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Sprinkling salt and pepper -- so basic, but...

...but I always end up wasting so much of it. Let's say I'm preparing boneless, skinless chicken cutlets and I want to salt & pepper them before I bread them. What I typically do is grind some pepper into a very small bowl, spoon some coarse salt into another small bowl, and use my fingers to sprinkle the S&P on the chicken. That way I don't have to be concerned about contaminating the salt in the jar I keep it in, or messing up the pepper grinder with the "chicken stuff" on my hands. But I always have leftover S&P, which gets tossed out because it's been contaminated.

I suppose a one-handed battery operated pepper grinder could help, but not solve the problem entirely; I could handle the chicken with one hand and operate the pepper grinder with the other. But maybe there's a better way to get freshly ground pepper onto the meat. And what about the salt? Is there such a thing as a shaker that's designed specifically to work with coarse salt? I don't want to grind it -- I only want to sprinkle it on the chicken.

When handling raw meat or chicken, do you have any tricks or secrets for sprinkling S&P?

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  1. well, to season cuts of meat like in your example, this is what I do: open the package (fork usually works well to pierce plastic & keep my hands clean) & grind pepper directly onto the meat. For salt, I pour a little coarse salt into my palm & sprinkle it on. Then, I use a utensil to put that side of the meat down in the pan & repeat seasoning on the meat. If breading, I most often just mix seasoning in with the breading, but you can use the fork or tongs to move meat through breading stations. I hate handling raw meats, so I always use some utensil. I also wash my hands a lot. DH could tell you, I am more than a little cross-contamination-crazy.

    For whole birds, I do pour coarse salt into a small bowl & then grind the pepper into the same bowl. After rinsing & drying the bird, I then season. I rarely have left over S&P, mainly because I'll pour it all on & love the salty, crispy skin!

    1. I also portion s & p into 2 small bowls, and then use a teaspoon to sprinkle so I don't contaminate the s & p.

      1. When I want to season raw meats, I'll handle the meat with chopsticks to keep my fingers clean for handling the salt (pinched directly from a salt cellar) and pepper (ground directly from a mill).

        1. After handling the raw meat I'll wash my hands and then grind the pepper and add the salt. If the meat has to be handled between the first grinding/salting, I'll either use tongs to turn it over or I'll use my hands, which then get washed again. come to think of it, I'd probably wash my hands before even handling the tongs! Sometimes I'll enlist the spouse--if he's willing-- to grind the pepper over the meat (but never the salt!) if I don't want to have to wash my hands again.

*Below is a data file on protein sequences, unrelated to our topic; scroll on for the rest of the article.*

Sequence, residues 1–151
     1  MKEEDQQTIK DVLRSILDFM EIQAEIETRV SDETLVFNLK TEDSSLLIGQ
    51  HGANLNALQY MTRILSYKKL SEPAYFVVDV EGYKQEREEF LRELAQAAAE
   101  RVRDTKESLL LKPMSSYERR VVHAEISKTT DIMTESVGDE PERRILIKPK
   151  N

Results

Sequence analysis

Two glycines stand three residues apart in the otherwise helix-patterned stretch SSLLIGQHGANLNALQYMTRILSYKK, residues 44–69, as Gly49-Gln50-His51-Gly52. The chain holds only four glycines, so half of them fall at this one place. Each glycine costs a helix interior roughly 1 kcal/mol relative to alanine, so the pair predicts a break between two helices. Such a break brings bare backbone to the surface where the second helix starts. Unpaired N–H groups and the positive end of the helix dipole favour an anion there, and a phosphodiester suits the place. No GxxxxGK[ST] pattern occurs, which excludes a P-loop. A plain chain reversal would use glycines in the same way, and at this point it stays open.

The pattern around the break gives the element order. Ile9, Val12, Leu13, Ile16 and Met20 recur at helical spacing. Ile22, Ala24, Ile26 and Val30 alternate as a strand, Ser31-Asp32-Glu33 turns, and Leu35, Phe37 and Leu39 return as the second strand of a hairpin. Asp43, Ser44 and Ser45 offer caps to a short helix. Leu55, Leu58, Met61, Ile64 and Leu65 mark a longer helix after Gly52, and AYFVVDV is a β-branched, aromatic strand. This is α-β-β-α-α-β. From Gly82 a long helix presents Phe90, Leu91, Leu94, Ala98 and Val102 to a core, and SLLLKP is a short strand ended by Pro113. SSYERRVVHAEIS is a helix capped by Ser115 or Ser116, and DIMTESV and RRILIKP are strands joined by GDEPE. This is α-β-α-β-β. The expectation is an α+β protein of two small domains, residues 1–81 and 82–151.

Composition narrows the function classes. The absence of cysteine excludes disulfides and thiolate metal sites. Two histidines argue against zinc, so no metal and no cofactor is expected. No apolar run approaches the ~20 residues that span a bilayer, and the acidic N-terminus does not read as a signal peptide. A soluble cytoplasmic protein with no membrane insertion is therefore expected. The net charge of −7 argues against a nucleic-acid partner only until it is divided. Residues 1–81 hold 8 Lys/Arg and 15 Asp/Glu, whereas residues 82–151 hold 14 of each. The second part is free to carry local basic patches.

I inevitably end up washing my hands constantly to avoid cross contamination. For some reason, grinding the pepper into a little bowl just seems like too much work, so I usually just grind it over whatever I'm preparing after the umpteenth hand washing, but I will on occasion toss the salt into a bowl to rain it over with my fingers, and throw out any remaining salt.

          And then there are the times when, hands raw from too much washing, I'll just use a plastic bag on either hand to grasp the pepper grinder or salt box. The bags used to put produce into at the market work really well for this. Of course, I usually fail to plan ahead for that and would need to.....wash my hands first in order to retrieve the bags!

          3 Replies
          1. re: janniecooks

            Don't want to sound crude, but I don't bat an eye...
            Pure salt is pretty inhospitable to food borne pathogens, so while I generally just use a small (1.5 ounce) bowl to hold my prep salt, and don't worry about double dipping. The salt will kill everything. if it gets clumpy, I just dump the rest.
            As for pepper, I'd rather wipe off the mill once between the raw food and cooking phases of meal prep than get another bowl dirty and wash my hands 3 times for one step of mise en place.

            1. re: lunchbox

              Pure salt is pretty inhospitable to food borne pathogens
              ~~~~~~~~~
              Salmonella *thrives* in a salty medium. and while other bacteria may not multiply in there, salt won't kill the spores.

              1. re: lunchbox

                Perhaps I do go a bit overboard with the hand-washing, but I've been to too many homes where the residents don't wash their hands (even after using the toilet), where the salt and pepper and appliances and utensils are grubby, where people don't wash before starting to handle food, etc. It's off-putting to say the least. So I wash my hands early and often and publicly and noisily. I want my guests to see our kitchen hygiene habits. No one has and no one will ever become ill from eating at my home. And yes I have picked up a very nasty bug from eating at someone else's home.

            2. Generally, I use the two bowl method and just use the leftover salt and pepper for cooking the rest of the meal.